Generally speaking, a simple pictorial representation of an object or concept, usually comprising an image that readily conveys what it represents. In Russia, icons are portraits of religious figures, such as Christ, while here in the West in the twentieth-century, icons are used to convey such things as traffic laws (the octagonal shape and red color of a stop sign), conveniences (the symbols found on rest room doors), etc.
In computers, icons are the basic elements that constitute a graphical user interface, which is also sometimes called an iconic interface. Files, programs, utilities, disks, etc., are represented as pictorial symbols—a document looks like a small piece of paper, a directory or sub-directory looks like a manila folder, a disk looks like a disk, a delete function looks like a trash can, etc.—which can be moved about the screen, copied to other media, deleted, or clicked on (using a mouse). Various applications use icons to represent menu items; a symbol of a printer may represent a print function, for example.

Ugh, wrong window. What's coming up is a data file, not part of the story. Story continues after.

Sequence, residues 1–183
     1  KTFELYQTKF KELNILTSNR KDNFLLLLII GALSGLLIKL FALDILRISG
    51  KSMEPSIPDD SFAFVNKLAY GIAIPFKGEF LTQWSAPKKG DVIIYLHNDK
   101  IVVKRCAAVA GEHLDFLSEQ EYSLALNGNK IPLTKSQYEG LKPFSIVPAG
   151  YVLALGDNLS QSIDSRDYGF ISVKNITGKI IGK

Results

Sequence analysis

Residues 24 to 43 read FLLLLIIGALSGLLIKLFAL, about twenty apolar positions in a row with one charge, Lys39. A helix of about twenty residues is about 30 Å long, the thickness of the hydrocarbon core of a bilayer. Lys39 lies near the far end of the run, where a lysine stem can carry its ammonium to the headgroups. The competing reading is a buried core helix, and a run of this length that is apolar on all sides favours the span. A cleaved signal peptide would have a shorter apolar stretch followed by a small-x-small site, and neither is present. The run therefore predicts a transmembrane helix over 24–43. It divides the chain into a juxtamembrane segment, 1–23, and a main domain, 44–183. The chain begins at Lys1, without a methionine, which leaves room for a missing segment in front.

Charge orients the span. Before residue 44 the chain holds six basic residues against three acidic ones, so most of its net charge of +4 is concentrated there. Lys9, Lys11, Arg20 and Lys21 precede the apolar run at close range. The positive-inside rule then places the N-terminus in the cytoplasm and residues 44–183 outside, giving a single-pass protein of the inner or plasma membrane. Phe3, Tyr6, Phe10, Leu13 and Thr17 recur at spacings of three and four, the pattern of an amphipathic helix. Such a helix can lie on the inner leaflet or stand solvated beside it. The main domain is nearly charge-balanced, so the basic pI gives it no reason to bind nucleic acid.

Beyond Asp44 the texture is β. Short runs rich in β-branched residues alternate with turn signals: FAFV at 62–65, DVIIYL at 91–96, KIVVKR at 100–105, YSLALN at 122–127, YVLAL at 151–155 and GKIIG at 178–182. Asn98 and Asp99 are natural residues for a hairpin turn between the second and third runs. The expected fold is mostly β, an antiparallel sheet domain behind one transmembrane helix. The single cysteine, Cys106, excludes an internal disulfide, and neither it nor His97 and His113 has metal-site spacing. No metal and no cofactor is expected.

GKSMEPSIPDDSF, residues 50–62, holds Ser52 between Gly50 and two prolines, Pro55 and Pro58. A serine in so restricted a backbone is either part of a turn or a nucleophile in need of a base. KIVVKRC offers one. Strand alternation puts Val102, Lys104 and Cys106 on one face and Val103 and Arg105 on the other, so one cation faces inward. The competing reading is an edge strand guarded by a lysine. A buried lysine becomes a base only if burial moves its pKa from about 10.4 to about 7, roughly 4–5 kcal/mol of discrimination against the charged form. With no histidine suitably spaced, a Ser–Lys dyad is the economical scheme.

The goal of a good icon is to convey what it means directly and simply. As we know from experience, however, this isn't always the case.